Tag: values

Cultural insight interventions: when start ups level down it helps the rest of us see how to aim high

Organisations, Uncategorized No Comments

This year we have seen Airbnb seeking to shift the culture of the world whilst Uber get into bother about its internal culture .

Getting the culture of start-ups right is increasingly discussed – this list of things to watch out for has resonated for many on one social media platform.

The culture of a business or charity is formed in its early days – often around the behaviours of its founders and the way other colleagues respond to it, and that normally involves acceptance or leaving. The truth is that once a culture of an enterprise is formed, it is very, very hard to shift it.

So getting it right at the start is key – and not just for start-ups in the sharing economy.

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Are you FREe?

Checklists, Front foot, Improvement, Organisations, Reflect, Teams, Think, Values No Comments

Earlier this week I attended a concert at Kings College Chapel. As I sat there in the dark stillness a storm raged outside that rattled the ancient doors as a nearby college clock chimed the hour. I recalled how exactly 27 years before I had first been in that place.

I remembered I had been a little shocked to find myself in higher education – as a working class lad who struggled a fair bit at school. Yet in my mid 20s I had applied to study at tertiary level. When interviewed, some of the alternative angles I shared from my experience as a front line NHS worker, plus the insights from my union activism seemed to appeal to those who selected students.

Over the years I have found sitting in that building to be a powerful place for reflection during times of significant personal change.

So, I was thinking – but on this occasion about my work. My studies all those years ago were the start of my deeper interest in how organisations perform (or don’t). Over the last few months I have been crystallising what I now know about institutions – from larger networks to smaller teams, from commercial enterprises to noble purpose initiatives – based on my experience of working across sectors and continents. What makes an organisation worthy of commitment? What are the features that make them likely to succeed? And fail?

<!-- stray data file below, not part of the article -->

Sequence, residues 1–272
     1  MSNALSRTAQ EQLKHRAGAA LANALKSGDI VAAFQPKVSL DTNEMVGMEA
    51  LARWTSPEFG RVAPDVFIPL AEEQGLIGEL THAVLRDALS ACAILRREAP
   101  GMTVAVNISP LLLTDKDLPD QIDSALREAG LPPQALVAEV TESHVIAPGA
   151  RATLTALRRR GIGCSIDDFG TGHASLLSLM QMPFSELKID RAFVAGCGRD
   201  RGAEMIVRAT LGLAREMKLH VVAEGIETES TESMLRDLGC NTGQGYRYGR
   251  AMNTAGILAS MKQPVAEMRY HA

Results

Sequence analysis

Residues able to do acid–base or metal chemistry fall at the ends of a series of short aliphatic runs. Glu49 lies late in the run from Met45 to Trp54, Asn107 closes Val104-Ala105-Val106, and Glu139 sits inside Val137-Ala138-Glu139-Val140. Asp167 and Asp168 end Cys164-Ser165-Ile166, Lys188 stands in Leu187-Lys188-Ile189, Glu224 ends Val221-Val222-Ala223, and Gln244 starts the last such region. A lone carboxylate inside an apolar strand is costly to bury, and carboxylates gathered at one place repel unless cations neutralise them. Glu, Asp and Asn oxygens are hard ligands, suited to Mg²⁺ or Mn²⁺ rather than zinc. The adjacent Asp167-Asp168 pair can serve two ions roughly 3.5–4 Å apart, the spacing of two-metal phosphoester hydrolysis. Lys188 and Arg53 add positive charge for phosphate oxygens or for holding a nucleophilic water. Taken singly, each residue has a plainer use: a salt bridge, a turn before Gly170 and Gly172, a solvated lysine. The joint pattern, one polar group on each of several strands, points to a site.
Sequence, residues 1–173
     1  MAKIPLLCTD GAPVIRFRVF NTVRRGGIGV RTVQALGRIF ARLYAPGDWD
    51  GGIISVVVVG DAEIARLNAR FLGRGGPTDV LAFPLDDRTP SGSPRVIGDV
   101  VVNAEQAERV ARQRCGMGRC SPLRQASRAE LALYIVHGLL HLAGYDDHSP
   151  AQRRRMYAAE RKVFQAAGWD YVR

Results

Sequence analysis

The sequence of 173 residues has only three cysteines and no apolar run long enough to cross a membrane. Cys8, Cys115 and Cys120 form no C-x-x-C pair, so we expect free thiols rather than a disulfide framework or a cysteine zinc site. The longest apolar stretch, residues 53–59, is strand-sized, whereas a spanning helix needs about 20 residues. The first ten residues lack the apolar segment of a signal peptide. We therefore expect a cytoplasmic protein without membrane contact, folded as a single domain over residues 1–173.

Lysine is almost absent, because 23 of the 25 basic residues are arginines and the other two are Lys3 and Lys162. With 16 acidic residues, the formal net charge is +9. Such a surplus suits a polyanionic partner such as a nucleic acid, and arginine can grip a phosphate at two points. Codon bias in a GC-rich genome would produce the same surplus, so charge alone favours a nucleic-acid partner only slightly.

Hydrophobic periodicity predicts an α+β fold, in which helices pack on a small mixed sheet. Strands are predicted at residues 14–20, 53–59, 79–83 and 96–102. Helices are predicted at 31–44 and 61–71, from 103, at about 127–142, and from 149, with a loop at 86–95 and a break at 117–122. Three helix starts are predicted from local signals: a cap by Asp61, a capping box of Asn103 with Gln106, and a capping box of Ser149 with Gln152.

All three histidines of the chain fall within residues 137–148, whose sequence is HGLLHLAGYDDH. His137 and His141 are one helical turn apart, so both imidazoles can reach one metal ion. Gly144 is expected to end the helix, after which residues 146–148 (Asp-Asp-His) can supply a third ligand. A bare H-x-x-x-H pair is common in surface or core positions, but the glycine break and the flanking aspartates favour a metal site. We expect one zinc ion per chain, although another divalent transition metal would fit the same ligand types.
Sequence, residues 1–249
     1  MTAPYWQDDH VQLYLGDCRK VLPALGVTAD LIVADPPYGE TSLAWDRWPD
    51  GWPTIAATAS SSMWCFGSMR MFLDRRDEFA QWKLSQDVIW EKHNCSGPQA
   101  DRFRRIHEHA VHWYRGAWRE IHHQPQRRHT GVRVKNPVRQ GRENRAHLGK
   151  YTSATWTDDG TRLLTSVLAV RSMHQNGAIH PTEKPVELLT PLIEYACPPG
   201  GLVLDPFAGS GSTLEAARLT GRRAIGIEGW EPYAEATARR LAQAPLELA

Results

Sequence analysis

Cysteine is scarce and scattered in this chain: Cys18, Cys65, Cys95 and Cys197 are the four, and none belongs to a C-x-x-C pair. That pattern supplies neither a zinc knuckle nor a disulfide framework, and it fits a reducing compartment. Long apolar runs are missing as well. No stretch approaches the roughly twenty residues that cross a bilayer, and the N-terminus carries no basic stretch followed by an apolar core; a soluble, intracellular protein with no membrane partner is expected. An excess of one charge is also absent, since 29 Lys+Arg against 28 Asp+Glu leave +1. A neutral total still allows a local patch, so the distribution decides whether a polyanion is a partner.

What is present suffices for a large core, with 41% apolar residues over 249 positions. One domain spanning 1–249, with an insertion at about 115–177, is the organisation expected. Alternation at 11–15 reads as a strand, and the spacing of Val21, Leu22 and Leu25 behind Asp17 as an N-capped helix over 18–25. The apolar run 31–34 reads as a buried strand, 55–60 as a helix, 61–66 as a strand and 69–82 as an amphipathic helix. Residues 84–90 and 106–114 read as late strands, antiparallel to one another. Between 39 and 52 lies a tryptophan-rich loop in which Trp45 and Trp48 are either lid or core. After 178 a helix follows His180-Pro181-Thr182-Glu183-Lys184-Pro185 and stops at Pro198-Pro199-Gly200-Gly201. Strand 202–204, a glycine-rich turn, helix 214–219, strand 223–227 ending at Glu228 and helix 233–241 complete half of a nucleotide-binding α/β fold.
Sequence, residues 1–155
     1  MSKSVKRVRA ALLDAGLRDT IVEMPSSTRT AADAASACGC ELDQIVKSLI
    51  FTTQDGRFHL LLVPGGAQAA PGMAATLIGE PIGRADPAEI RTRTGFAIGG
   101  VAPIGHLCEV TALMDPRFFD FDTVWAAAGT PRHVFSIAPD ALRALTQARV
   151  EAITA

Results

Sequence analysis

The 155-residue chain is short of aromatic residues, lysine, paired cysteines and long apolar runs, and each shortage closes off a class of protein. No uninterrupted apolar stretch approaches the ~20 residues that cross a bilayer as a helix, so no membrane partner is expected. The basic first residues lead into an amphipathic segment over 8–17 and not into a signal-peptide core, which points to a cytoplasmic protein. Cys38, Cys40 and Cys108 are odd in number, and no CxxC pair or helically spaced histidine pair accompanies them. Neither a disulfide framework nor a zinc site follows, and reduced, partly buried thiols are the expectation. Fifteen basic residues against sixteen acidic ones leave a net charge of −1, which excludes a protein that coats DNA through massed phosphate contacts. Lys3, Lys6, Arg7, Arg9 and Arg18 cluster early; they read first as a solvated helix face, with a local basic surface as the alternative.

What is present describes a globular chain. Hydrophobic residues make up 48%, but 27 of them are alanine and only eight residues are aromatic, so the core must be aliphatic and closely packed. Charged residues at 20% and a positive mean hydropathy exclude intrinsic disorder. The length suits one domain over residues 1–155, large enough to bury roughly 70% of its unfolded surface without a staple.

After a quarter of a century, I think there are just three things that are crucial. I summarise these with the word FREe (actually FRE, as you will see below).

Firstly, FOCUS. Is the purpose of the organisation shared? Is the strategy clear – is it understood? Has the governing group set out its intentions (and limitations) for the wider staff to work toward and within? Do individuals know how their particular role contributes – and do they realise where their personal motivations fit, and where they do not?

RESPONSIBILITY: are staff expected to use their initiative to sort out issues? Do they have freedom to act? Do governing boards avoid overstepping the mark and resist micro-managing the executive – and do line-leaders avoid constraining their staff with overly detailed instructions or the expectation of involvement in all decisions? How clearly are all staff held to account for how they have used their autonomy?

Crucially, EXAMPLE highlights the role of senior leaders in setting the cultural tone for an enterprise plus the part played of line managers in re-iterating this – and the importance of peers in reinforcing the ‘right’ behaviours. Most of us are not saints or sinners, rather we absorb the ways others work. This extends from basic ‘pro-social’ interactions to do with decency and civility through to the modelling of focus and responsibility and other important attributes like curiosity. ‘Example’ also concerns how the implied attitudes at the core of a business’s purpose are demonstrated by staff in their dealings with each other as much as with customers: be that caring in the case of health services, learning for an education provider or speed for a high street fashion brand, for example.

I am discovering how this simple framework is powerful in a range of settings.

It helps individuals: it is useful in ways from coaching leaders through to prompting those being interviewed for new jobs to ask useful (and interesting) questions.

With teams it is a checklist to test that the platform for achieving positive results is in place.

For organisations it highlights three important factors to work to get right in all places – to ensure well-served customers, content staff and a fulfilled mission.

Are you ready for FREe business?

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The 2×2 Holy Grail

Feedback, Improvement, Reflect No Comments

There is one 2×2 matrix I am drawn to (and draw on) more than any other.

One that I have heard applied to government ministers, heart surgeons and sports players.

It is described in a number of ways, but it is really the same each time:
• Technical ability vrs living corporate values
• Aptitude vrs Attitude – see this tweet on it
• Skill vrs will
• Competence vrs likeability – see this  and the middle of this

When Secretary of State for health Alan Johnson was described by a few senior officials as a rare minister in the upper right box.

I have heard managers (and sports coaches) say they hire for aptitude and fire for attitude.